Employment Cases Update

Owolabi v Bondcare Ltd & Ors UKEAT/0624/12/JOJ

Date published: 16/08/2013

Appeal against the striking out of the claimant claim of victimisation because it should have been raised much earlier in previous proceedings. Appeal dismissed.

The claimant started a claim in the ET in 2009 alleging race discrimination. At this time he was suspended from work for alleged misconduct. There was a hearing in November 2010. He was dismissed in due course but before his dismissal, he started another claim, in 2012, saying that his continued suspension was an act of victimisation. The claim was struck out as an abuse of process – the claimant should have raised the question of his suspension at the hearing in 2010, by which time he had been suspended for 16 months. The claimant could not provide an answer as to why he had not raised it sooner, other than that the suspension was a continuing act and he was still waiting for it to be dealt with in 2010. The respondent submitted that the real reason was that the claimant continued to be paid during the period of suspension which obviously he did not want to stop. The claimant appealed.

The EAT dismissed the appeal. In the circumstances the Employment Judge's decision that the complaint was an abuse of the process under the rule in Henderson v Henderson could not be faulted.

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Appeal No. UKEAT/0624/12/JOJ

EMPLOYMENT APPEAL TRIBUNAL

FLEETBANK HOUSE, 2-6 SALISBURY SQUARE, LONDON EC4Y 8JX

At the Tribunal

On 2 July 2013

Before

HIS HONOUR JUDGE SHANKS

(SITTING ALONE)

MR J OWOLABI (APPELLANT)

(1) BONDCARE LTD

(2) SOUTHERN CROSS HEALTHCARE GROUP PLC

(3) MS A FELLOWS (RESPONDENTS)

Transcript of Proceedings

JUDGMENT

APPEARANCES

For the Appellant
MR J OWOLABI (The Appellant in Person)

For the Respondents
MR S ENGLAND (Solicitor)
Abbey Legal Services
Corinthian House
17 Lansdowne Road
Croydon
Surrey
CR0 2BX

SUMMARY

PRACTICE AND PROCEDURE – Striking-out/dismissal

Appellant complained of race discrimination by victimization by having a long suspension imposed on him. He had had the opportunity to complain about the matter in the context of earlier proceedings and offered no good reason for not doing so. In the circumstances the Employment Judge's decision that the complaint was an abuse of the process under the rule in Henderson v Henderson could not be faulted.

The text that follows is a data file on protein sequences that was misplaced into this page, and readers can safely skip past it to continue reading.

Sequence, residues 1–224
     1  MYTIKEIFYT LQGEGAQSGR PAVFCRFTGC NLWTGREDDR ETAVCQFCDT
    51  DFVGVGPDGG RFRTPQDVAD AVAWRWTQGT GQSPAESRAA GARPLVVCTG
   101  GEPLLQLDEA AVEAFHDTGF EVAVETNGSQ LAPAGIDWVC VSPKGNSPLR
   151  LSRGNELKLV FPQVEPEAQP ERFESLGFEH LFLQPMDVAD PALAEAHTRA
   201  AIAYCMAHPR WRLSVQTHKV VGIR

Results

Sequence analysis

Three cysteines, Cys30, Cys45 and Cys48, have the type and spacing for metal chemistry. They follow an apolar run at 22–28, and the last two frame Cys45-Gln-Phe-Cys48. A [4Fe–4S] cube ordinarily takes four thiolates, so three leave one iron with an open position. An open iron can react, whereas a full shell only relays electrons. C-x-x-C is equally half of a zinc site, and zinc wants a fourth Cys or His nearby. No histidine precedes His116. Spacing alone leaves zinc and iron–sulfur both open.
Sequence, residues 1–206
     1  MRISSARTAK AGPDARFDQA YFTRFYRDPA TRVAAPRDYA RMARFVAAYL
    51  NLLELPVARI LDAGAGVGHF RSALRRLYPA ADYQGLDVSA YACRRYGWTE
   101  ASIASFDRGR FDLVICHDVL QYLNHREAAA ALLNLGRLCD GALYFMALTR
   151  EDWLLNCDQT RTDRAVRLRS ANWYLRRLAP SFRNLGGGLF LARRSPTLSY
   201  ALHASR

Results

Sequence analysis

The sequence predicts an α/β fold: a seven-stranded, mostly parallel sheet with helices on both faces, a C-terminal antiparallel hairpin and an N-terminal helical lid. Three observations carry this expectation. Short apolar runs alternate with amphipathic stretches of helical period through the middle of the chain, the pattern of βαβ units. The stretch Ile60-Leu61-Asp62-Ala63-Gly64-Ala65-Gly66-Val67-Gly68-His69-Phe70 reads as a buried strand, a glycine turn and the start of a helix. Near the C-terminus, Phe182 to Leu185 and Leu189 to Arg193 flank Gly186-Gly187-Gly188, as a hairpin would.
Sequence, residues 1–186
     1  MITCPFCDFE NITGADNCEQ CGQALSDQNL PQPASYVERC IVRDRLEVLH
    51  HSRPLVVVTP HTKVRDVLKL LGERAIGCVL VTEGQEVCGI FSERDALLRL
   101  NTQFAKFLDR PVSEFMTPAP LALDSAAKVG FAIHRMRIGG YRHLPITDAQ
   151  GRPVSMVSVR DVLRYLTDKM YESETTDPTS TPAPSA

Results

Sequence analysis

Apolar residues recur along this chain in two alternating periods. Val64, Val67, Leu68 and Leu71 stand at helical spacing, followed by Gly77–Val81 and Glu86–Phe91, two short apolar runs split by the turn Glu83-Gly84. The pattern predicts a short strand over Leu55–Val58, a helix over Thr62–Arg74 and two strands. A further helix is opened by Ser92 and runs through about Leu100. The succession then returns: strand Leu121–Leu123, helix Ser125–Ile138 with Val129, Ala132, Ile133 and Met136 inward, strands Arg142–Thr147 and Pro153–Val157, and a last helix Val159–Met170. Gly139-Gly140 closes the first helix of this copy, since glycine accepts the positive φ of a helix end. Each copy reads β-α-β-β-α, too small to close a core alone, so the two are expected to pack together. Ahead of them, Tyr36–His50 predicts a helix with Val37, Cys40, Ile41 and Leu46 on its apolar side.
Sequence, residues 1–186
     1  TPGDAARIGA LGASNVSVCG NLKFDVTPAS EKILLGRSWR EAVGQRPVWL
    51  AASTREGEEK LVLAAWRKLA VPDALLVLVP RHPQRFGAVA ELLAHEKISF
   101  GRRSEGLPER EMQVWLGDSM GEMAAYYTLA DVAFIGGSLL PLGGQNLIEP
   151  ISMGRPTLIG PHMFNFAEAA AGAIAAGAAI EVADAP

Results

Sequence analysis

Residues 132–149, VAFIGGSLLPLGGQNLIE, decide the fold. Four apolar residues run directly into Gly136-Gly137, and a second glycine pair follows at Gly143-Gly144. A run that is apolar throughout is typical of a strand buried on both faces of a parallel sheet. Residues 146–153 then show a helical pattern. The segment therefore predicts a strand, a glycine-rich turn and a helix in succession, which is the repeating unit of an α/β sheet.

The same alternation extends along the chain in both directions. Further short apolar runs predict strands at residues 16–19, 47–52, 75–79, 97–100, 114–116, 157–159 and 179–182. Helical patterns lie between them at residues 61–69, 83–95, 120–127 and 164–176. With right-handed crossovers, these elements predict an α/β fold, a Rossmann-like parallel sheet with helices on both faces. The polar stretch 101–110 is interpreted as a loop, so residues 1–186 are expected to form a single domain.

HIS HONOUR JUDGE SHANKS

Introduction

1. I have before me an appeal and a cross-appeal against the Judgment of Employment Judge Buchanan in the Newcastle Employment Tribunal, sent out on 5 September 2012. The appeal by Mr Owolabi, who acts in person though he was represented before the Tribunal, is against a decision of the Employment Judge that his claim for race discrimination by victimisation was an abuse of the process under the rule in Henderson v Henderson [1843] 3 Hare 100 in that it should have been raised in some earlier proceedings.

2. The cross appeal, which is argued by Mr England on behalf of Bondcare Limited, the First Respondent to the original claim, is against the Employment Tribunal's decisions, first, that time had not expired and, second, that if it had it would have been just and equitable to extend time.

Background facts

3. The Claimant is a nurse and he started working with Southern Cross Healthcare Limited, who are the Second Respondent and who famously went into liquidation a year or two ago, in October 2008. From November 2008 he started work at Ayresome Court Nursing Home. Angela Fellows, who is the Third Respondent, was a manager at that home.

4. On 15 June 2009, so some seven months after he had started work, he was suspended for alleged misconduct. At around the same time he started a grievance process, alleging race discrimination by his colleagues at work. On 2 October 2009 he started a claim in the Employment Tribunal in Newcastle alleging race discrimination; the claim form is to be found at page 91 in my bundle and it makes a number of allegations against his colleagues at work and says that he has been suffering racial abuse and that he has been discriminated against on the grounds of his race.